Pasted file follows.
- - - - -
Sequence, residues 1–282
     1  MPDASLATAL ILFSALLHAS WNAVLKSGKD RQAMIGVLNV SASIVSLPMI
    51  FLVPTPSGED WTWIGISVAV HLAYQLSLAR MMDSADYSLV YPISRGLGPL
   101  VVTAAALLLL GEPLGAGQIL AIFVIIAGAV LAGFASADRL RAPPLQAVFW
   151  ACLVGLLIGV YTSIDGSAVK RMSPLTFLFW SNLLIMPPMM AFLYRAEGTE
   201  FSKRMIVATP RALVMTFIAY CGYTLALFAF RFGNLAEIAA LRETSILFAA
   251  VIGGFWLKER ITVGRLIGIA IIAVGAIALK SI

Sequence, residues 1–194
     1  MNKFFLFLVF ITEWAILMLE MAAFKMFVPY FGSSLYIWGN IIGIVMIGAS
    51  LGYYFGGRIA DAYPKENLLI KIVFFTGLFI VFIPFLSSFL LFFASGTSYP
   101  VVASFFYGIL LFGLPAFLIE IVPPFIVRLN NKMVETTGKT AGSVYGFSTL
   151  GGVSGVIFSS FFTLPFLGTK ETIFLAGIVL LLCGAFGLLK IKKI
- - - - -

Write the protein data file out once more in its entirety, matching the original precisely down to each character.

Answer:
Sequence, residues 1–282
     1  MPDASLATAL ILFSALLHAS WNAVLKSGKD RQAMIGVLNV SASIVSLPMI
    51  FLVPTPSGED WTWIGISVAV HLAYQLSLAR MMDSADYSLV YPISRGLGPL
   101  VVTAAALLLL GEPLGAGQIL AIFVIIAGAV LAGFASADRL RAPPLQAVFW
   151  ACLVGLLIGV YTSIDGSAVK RMSPLTFLFW SNLLIMPPMM AFLYRAEGTE
   201  FSKRMIVATP RALVMTFIAY CGYTLALFAF RFGNLAEIAA LRETSILFAA
   251  VIGGFWLKER ITVGRLIGIA IIAVGAIALK SI

Sequence, residues 1–194
     1  MNKFFLFLVF ITEWAILMLE MAAFKMFVPY FGSSLYIWGN IIGIVMIGAS
    51  LGYYFGGRIA DAYPKENLLI KIVFFTGLFI VFIPFLSSFL LFFASGTSYP
   101  VVASFFYGIL LFGLPAFLIE IVPPFIVRLN NKMVETTGKT AGSVYGFSTL
   151  GGVSGVIFSS FFTLPFLGTK ETIFLAGIVL LLCGAFGLLK IKKI